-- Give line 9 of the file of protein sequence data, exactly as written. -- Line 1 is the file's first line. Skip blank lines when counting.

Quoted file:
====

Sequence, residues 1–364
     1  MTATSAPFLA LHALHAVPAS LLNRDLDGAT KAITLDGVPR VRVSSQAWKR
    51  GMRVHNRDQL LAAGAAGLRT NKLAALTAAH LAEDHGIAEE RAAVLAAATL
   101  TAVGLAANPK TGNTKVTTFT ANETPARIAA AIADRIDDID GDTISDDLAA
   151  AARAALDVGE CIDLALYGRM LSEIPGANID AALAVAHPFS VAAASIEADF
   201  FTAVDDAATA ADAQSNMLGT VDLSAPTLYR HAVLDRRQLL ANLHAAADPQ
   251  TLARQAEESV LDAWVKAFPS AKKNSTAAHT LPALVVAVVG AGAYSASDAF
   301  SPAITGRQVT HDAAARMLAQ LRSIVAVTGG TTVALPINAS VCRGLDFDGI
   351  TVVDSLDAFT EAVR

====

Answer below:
   351  TVVDSLDAFT EAVR